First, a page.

It was a fine road and still is, at least as an engineering feat, but at the end of this journey, I feel as if I have played an extended game of Russian roulette. As writing is my chosen poison to settle frayed nerves, I plan to muse over the great Indian tryst with public systems.
I am piqued a bit as I have paid more than a Rupee a Kilometre by falling for the false promise that this expressway will allow me to smoothly travel at 100 Km per hour; while the reality is, if I had attempted to enjoy that franchise, my dear editor would have needed to replace my column by my obituary.
In the course of this entire journey I encountered plethora of multi-axle trucks incapable of driving above 40 KMpH, GSRTC buses not allowed to travel fast and various other slow-moving vehicles moving in the fastest lane almost every second minute of the journey. I saw not a single fast moving car getting or giving a “side” and saw no overtaking that was done from right.
While the driving experience was made from the same stuff that nightmares of “Fast and Furious” director (provided he is in the middle of making its final episode where everyone dies), I don’t think anyone in-charge of the road seems to take iota of cognisance of this absurd lawless recipe for disaster for a simple reason.
In India, once we make a public infrastructure or a system, we wash our hands off it completely. We never see the need to study if design premises about its functioning stand up to the scrutiny of real life. So, if we make an express way, express way it shall eternally be, even if a sloth travelling in Amazonian forest can move faster than a car on it.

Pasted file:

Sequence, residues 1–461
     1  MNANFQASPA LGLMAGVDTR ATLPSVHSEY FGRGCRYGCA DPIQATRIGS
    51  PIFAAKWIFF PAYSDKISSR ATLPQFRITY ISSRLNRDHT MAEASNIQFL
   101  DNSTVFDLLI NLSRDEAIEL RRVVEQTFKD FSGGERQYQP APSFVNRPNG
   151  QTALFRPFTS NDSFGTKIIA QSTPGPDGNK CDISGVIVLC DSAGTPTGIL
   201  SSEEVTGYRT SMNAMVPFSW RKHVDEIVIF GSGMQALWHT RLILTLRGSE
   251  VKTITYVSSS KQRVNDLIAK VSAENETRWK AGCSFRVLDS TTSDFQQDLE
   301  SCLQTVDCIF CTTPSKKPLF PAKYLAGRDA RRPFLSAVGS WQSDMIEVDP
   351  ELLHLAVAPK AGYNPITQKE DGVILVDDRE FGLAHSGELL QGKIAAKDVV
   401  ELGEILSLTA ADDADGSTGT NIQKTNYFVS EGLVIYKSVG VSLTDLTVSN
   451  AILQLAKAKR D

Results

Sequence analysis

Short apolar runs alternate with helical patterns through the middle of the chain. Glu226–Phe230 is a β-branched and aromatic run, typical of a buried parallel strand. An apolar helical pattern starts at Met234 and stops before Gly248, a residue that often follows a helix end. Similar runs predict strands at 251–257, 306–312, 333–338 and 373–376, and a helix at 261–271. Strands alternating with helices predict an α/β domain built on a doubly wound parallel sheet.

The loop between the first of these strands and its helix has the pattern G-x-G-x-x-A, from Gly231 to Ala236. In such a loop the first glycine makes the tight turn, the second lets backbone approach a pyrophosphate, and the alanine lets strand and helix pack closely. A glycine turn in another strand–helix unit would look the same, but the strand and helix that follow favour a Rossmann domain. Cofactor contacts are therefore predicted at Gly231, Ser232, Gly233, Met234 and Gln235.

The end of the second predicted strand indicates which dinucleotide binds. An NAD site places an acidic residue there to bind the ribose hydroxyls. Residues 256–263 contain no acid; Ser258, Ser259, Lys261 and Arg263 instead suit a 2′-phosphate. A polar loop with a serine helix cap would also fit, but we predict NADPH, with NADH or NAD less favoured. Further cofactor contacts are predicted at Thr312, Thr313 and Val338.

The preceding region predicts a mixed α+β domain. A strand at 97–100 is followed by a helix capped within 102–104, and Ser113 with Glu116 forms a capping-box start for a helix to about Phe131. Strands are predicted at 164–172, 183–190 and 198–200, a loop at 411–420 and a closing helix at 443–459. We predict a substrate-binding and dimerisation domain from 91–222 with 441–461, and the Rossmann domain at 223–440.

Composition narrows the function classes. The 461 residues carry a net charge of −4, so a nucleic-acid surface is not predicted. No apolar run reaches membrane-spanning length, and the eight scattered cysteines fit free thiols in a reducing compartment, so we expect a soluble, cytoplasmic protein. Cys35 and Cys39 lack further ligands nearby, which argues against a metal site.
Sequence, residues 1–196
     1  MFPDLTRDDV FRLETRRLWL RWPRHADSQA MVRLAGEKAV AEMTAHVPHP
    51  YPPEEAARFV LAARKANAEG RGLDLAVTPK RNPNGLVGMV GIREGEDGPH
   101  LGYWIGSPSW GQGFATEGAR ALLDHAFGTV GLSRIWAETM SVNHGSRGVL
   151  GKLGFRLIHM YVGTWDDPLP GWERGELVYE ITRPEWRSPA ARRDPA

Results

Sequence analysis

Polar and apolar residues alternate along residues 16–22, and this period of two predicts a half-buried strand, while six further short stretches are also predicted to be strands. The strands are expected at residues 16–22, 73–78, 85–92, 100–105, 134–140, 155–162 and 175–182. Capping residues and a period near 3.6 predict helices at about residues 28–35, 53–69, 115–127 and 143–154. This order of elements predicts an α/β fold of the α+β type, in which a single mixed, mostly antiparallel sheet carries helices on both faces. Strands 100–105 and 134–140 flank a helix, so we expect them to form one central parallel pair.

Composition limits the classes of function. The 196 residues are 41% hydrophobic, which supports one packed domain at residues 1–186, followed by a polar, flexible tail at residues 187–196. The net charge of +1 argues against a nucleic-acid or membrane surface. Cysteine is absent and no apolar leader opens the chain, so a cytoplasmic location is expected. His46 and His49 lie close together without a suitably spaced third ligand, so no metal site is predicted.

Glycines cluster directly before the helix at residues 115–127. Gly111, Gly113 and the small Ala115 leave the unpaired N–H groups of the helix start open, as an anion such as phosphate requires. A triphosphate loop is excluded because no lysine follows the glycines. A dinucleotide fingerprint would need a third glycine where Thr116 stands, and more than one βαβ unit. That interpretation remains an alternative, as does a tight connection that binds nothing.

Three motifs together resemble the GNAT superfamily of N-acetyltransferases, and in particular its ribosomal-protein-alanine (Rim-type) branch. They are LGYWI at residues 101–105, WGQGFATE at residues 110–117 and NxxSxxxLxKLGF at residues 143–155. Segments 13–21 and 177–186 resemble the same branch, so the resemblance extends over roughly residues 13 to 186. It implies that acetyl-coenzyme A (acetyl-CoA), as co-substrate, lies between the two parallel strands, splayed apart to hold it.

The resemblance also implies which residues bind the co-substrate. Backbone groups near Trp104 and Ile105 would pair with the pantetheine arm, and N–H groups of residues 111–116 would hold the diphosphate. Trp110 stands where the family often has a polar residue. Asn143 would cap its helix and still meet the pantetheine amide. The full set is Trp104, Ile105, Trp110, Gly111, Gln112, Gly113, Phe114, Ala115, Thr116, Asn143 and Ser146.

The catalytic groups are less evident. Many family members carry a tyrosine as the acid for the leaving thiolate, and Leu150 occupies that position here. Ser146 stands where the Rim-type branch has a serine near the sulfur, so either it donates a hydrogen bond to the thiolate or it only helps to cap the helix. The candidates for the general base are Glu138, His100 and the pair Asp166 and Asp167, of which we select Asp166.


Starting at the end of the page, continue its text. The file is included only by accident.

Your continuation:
An expressway is designed around the premise that slow moving vehicles won’t ply on it, and surely not in the fastest lane. When such a basic design premise gets violated, either due to the greed or ignorance, it is impossible for a system to function normally.
The result is complete chaos, in this case causing an average of a death a day, and whoever has permitted these slow-moving monsters and is not taking measure to enforce that they stay in slow lane is guilty of causing these deaths.
Be it express highway or any other system, a constant review and feedback-based correction is the only way to keep it contributing. We need to realise that wheels of a public system in India are huge. If they grind the wrong way, they can be devastating.
It is scary to realise that this express highway is an express route to death for some due to simple and completely preventable departure from design premise, but scarier to realise is that there is no systemic process to review it. This means that we can make massive errors that may become glaringly evident, but we will never bother to correct them.
Scariest is the fact that we are on the verge of breaking into unprecedented infrastructure building in next few decades. If we fail to make a systemic provision of review of what we make, we may end up constructing bigger and newer problems instead of building solutions to our problems.